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© 2011 Law Firm of Allen T. Ratcliffe, Jr.  All Rights Reserved.
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© 2011 Law Firm of Allen T. Ratcliffe, Jr.  All Rights Reserved.
CONFLICT RESOLUTION

Mediation and facilitated resolution of disputes have be successful in resolving issues that otherwise might have caused transaction negotiations to break down.  Transaction negotiations typically are positioned based, that is each side has a fixed position that is being advocated; as the process unfolds, frequently the parties become more and more entrenched in their respective positions.  Whereas, mediation, and the less formal process of a facilitated resolution of disputes, find their foundation in an interest based approach described in Roger Fisher and William L Ury’s book Getting to Yes. 

Interest based negotiation looks underneath the entrenched positions of the parties to better understand their needs, motives, and objectives, and uses that information to creatively generate options that are responsive to those needs.  It requires a completely different skill set than positional bargaining and is centered around listening to the needs of each side as opposed to giving instructions or providing information.  It is most useful when it is the desire of the parties to preserve ongoing relationships and foster cooperation for the long term, the scenario most likely in a business or family environment.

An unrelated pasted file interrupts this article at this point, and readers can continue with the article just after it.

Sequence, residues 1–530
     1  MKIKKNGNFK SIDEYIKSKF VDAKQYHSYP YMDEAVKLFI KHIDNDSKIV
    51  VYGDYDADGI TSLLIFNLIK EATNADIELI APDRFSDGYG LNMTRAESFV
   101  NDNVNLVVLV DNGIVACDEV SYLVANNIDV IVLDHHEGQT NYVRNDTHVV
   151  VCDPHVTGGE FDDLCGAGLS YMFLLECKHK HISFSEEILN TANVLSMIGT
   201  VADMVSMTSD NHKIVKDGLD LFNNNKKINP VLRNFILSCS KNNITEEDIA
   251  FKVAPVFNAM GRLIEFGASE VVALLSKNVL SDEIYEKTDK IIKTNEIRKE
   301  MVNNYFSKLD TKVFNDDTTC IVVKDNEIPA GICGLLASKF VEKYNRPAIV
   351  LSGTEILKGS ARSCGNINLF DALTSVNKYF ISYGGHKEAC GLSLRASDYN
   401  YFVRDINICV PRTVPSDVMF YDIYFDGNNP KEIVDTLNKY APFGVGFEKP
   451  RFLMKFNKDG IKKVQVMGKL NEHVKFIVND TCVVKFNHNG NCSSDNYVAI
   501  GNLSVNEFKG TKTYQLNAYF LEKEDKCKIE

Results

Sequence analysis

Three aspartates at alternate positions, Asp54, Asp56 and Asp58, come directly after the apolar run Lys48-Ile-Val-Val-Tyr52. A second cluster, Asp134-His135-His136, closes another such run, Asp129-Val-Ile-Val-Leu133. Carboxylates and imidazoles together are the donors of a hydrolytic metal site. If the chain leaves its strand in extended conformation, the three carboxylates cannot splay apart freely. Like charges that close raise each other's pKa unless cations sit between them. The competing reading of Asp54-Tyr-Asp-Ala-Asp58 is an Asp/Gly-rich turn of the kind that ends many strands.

Conflict resolution is often not an event when there is an ongoing relationship, it is a process.  For there to be any hope of resolving conflict, there must be a sufficient level of trust between and among parties.  A facilitated resolution of disputes is designed to assist in the development of trust by clarifying the decision making process (eg. don’t make business decisions for family reasons), increasing productive communication while reducing harmful and oftentimes irrelevant communication, and coming to agreement on rules in order to reach common objectives and then formalizing the rules. 

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